• Audio performance score: 5/5

Astell & Kern A&norma SR25 MKII with Radiohead playing, on white background

The angled screen may not suit larger fingers (Image credit: TechRadar)

Astell & Kern A&norma SR25 MKII: Value

  • A&K's entry-level player – if $749/£699 is 'entry-level' to you
  • Tech from models thrice the price 
  • For a premium player, this is the least you'll pay

This is a tricky one, because you can pick up a portable audio player made by Sony for a tenth of the price of this hi-res player. That said, this is upper echelon territory; Astell & Kern's top-tier Ultima model sells for $2,399 / £1,999 / AU$3,599. 

Astell & Kern actually calls the SR 25 MKII a "true mass premium product", which just about sums it up. To clarify, for this money you're still getting A&K's core (and frankly, 'cor!) values: exceptional audio performance for a diverse range of musical tastes and that trademark brutalist build, plus tech such as AK File Drop, access to streaming platforms, DAC filters and the BT Sink function trickled down from the company's flagship players, but without the four-figure price tag.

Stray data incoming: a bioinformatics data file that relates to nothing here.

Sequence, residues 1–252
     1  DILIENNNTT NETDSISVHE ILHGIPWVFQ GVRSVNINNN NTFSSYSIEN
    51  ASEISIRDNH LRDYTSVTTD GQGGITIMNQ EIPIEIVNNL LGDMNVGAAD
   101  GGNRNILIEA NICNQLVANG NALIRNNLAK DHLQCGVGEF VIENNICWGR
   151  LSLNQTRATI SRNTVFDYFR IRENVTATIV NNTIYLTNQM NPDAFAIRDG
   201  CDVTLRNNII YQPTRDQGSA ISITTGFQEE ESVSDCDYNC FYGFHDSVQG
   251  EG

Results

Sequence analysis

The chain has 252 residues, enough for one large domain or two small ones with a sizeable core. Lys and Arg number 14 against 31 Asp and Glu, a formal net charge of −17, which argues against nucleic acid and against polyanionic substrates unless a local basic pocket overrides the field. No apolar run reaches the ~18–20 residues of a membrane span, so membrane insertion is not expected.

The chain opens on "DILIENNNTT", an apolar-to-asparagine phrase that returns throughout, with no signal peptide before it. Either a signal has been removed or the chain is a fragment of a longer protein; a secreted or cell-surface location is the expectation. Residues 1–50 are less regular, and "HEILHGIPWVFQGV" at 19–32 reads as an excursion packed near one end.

Will most of us still need to pass on "mass premium" players given the cost of living crisis? Perhaps. But that is a shame, since this one really does represent value for money – if you have it, and expressly want to spend it on a dedicated, talented, hi-res digital audio player. 

  • Value: 4.5/5

Astell & Kern A&norma SR25 MKII: Should you buy it?

Astell & Kern A&Norma SR25 MKII USB-C port and SD-card slot detail

It's all angles and edges, but with its SD card slot (and supplied cover) you can level up the storage, too (Image credit: TechRadar)

Buy it if...

Don't buy it if...

Astell & Kern A&norma SR25 MKII: Also consider

  • First reviewed June 2022